“Unexpected, but riveting.”
—Subir Roy, retired Medical Doctor and Professor of Obstetrics and Gynecology, Master of Science in Public Health in Biostatistics, Reproductive Endocrinologist, and the author’s father
“Funny, gross, informative, and a fun read.”
—Dotti Roy, Master of Science in Nursing, Registered Nurse, Public Health Nurse, Certified Case Manager, and the author’s mother
“They say the way to a person’s heart is through their stomach. Anjoli Roy enters mine through scars, in fact, our very first wound. In Enter the Navel, Roy delivers rhythm & inquiry. From the cutting of kinship to the consumption of placenta to filling innies with blueberries, Enter the Navel does more than list belly button trivia; it awakens connections between us, and with delight & focus, grapples with the ethics of ‘sticking things together that aren’t supposed to be stuck together.’ Shot glasses up with grandma’s orange juice! Read this with ancestors and slip slowly.”
—Noʻu Revilla, author of Permission to Make Digging Sounds and Say Throne, Assistant Professor of English at the University of Hawaiʻi at Mānoa
This playful abecedarian offers a new perspective on the term “navel-gazer” by looking both figuratively and literally at the navel. Inside, readers will find antiquated and current dictionary definitions of “navel” woven in with scientific information on the curious state of lint and bacteria located there, including what humans have been known, disgustingly, to do with them (hello, navel cheese!). Also in appearance are Hawaiian and Hindu origin stories rooted in the navel that connect us, with urgency, to the divine; the role of the navel, our first wound, in and after human birth; a story of the author’s own regrettable 90s-era teenage navel piercing along with the plastic surgery that removed her mother’s navel, and more.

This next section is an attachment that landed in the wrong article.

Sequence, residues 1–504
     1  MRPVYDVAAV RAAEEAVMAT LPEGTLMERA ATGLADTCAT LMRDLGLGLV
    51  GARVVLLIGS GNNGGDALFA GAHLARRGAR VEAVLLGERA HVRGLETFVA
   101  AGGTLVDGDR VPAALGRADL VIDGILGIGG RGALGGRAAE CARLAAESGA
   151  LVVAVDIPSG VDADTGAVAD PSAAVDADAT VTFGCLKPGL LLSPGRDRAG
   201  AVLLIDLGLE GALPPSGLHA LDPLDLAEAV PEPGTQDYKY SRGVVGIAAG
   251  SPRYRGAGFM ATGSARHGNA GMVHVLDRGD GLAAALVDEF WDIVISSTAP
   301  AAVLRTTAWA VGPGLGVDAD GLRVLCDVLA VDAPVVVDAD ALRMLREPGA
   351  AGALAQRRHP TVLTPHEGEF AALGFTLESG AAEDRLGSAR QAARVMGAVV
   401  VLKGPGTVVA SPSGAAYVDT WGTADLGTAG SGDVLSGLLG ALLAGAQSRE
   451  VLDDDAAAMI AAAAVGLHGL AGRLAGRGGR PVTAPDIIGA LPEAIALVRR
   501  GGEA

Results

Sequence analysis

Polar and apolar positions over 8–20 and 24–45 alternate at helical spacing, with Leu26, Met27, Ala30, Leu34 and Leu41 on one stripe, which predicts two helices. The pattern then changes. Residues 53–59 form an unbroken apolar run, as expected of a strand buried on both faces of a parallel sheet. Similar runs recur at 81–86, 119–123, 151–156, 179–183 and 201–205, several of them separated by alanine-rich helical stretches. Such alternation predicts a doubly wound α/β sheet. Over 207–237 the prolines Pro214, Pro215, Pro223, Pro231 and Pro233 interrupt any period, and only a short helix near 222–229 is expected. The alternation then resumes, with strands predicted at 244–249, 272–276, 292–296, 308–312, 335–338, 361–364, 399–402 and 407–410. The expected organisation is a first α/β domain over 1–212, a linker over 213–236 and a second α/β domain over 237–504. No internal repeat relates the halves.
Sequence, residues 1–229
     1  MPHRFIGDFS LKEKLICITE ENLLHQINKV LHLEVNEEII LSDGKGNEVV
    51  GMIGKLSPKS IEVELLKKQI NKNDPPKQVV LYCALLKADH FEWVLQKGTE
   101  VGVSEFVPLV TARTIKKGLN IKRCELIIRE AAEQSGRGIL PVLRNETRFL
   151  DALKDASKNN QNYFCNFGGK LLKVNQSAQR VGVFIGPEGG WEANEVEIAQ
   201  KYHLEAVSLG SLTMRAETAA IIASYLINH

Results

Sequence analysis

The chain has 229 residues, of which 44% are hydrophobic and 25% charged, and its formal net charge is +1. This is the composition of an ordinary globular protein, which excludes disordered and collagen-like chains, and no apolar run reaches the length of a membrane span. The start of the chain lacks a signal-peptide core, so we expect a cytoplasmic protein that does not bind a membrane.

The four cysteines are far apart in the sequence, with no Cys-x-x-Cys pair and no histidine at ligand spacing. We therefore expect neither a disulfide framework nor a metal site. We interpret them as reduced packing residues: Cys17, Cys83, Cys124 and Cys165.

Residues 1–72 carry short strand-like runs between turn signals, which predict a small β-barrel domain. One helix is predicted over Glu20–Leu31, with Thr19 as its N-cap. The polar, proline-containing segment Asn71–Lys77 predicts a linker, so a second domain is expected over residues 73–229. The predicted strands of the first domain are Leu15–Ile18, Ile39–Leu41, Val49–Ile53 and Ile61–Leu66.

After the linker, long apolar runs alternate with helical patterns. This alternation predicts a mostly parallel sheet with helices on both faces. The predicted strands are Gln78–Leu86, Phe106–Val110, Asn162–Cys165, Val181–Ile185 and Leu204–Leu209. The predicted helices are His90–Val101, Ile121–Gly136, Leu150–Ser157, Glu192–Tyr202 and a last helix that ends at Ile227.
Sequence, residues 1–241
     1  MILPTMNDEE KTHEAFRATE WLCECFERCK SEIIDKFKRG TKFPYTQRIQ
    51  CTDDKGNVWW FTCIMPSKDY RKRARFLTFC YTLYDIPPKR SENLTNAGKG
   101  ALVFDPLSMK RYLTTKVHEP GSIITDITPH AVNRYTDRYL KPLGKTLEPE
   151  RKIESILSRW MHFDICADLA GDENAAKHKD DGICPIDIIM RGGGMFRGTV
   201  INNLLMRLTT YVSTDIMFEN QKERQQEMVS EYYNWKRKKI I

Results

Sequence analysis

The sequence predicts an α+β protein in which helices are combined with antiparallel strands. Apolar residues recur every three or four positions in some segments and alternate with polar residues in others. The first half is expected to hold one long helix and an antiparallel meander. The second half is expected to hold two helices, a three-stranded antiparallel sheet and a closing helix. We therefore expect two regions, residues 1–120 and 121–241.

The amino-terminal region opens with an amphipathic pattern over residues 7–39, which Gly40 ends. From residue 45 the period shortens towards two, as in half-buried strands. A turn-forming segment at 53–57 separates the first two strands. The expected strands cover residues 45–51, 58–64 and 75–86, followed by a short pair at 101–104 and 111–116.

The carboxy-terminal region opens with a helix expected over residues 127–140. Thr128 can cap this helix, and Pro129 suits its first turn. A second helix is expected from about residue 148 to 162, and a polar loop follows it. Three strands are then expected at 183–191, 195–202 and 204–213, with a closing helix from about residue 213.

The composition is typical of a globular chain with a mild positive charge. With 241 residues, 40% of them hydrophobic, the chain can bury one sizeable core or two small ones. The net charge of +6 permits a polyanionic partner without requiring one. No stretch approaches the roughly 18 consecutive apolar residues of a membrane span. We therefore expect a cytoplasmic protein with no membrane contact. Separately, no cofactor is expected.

Styled as a self-referencing cabinet of curiosities, this chapbook is also a Rorschach for the genre of creative nonfiction, many of whose stalwart writers have been written off as “navel-gazers.” This text demands the reader be swayed to see what, in fact, is so good about looking at one’s own navel after all.
This text is published by The Operating System and is part of the 2020 Digital Chapbook Series, coedited and curated by OS collaborators Curtis Emery and Orchid Tierney.